If you or someone else you know would like to receive future updates about developments on these and other concerns, please be sure that we have your current contact information – including your preferred e-mail – by creating or updating your profile at here or e-mailing this information here.   

©2011 Cynthia Marcotte Stamer.  Non-exclusive right to republish granted to Solutions Law Press.  All other rights reserved.


EBSA Plans To Include Health Care Reform Compliance In Health Plan Audits Beginning In FY 2012; Disputes OIG Criticism Of ACA Enforcement Efforts

October 30, 2011

Insurance companies administering certain self-insurance arrangements for employers or certain other entities may qualify as exempt from the information reporting obligations imposed under Internal Revenue Code section 6050W. 

Notice 2011-78 provides relief to insurance companies administering certain self-insurance arrangements on behalf of an employer or other entity from any information reporting obligations under section 6050W of the Internal Revenue Code.  Insurance companies may rely on the notice until the regulations under section 6050W are amended.  The IRS published Notice 2011-78 in the Internal Revenue Bulletin 2011-41 on October 11, 2011.

 For More Information Or Assistance

If you need help reviewing,  updating, administering or defending your health benefit or other benefit or insurance program for compliance with ACA or other federal or state employee benefit, insurance, health care or other laws or regulations, or with any other employment, employee benefit, compensation or internal controls matter, please contact the author of this article, attorney Cynthia Marcotte Stamer.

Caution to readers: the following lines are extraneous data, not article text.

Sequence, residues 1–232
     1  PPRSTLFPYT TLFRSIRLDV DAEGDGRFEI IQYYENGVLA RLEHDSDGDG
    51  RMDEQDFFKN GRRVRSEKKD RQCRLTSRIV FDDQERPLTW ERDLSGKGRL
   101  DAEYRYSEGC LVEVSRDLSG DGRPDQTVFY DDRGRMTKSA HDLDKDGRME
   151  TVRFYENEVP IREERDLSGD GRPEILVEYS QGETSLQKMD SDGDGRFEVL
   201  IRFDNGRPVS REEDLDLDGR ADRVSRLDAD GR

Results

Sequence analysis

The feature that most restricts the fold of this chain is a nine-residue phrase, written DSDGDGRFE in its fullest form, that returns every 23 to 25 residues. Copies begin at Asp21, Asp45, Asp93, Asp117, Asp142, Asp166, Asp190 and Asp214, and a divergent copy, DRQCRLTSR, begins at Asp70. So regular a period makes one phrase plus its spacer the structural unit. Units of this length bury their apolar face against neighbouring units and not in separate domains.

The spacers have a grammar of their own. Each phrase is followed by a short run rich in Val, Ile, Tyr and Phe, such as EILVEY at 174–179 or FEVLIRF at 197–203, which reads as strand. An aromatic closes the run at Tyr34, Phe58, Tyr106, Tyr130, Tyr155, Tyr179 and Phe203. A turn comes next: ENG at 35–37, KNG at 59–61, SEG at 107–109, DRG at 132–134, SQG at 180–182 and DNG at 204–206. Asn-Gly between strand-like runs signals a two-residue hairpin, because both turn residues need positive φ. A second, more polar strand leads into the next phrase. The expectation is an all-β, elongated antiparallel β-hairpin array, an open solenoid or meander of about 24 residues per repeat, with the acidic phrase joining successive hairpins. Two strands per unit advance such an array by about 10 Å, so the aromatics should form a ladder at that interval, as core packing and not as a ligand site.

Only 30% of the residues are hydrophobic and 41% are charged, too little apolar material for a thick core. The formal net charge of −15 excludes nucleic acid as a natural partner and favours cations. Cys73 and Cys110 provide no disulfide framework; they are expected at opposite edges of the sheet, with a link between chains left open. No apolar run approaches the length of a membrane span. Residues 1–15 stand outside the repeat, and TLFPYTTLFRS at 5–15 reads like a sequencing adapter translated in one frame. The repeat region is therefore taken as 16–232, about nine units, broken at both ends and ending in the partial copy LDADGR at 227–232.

A 2011 inductee to the American College of Employee Benefits Council, immediate past-Chair and current Welfare Benefit Committee Co-Chair of the American Bar Association (ABA) RPPT Employee Benefits & Other Compensation Arrangements, an ABA Joint Committee on Employee Benefits Council Representative, the ABA TIPS Employee Benefit Plan Committee Vice Chair, former ABA Health Law Section Managed Care & Insurance Interest Group Chair, past Southwest Benefits Association Board Member, Employee Benefit News Editorial Advisory Board Member, and a widely published speaker and author,  Ms. Stamer has more than 24 years experience advising businesses, plans, fiduciaries, insurers. plan administrators and other services providers,  and governments on health care, retirement, employment, insurance, and tax program design, administration, defense and policy.   Nationally and internationally known for her creative and highly pragmatic knowledge and work on health benefit and insurance programs, Ms. Stamer’s  experience includes extensive involvement in advising and representing these and other clients on ACA and other health care legislation, regulation, enforcement and administration.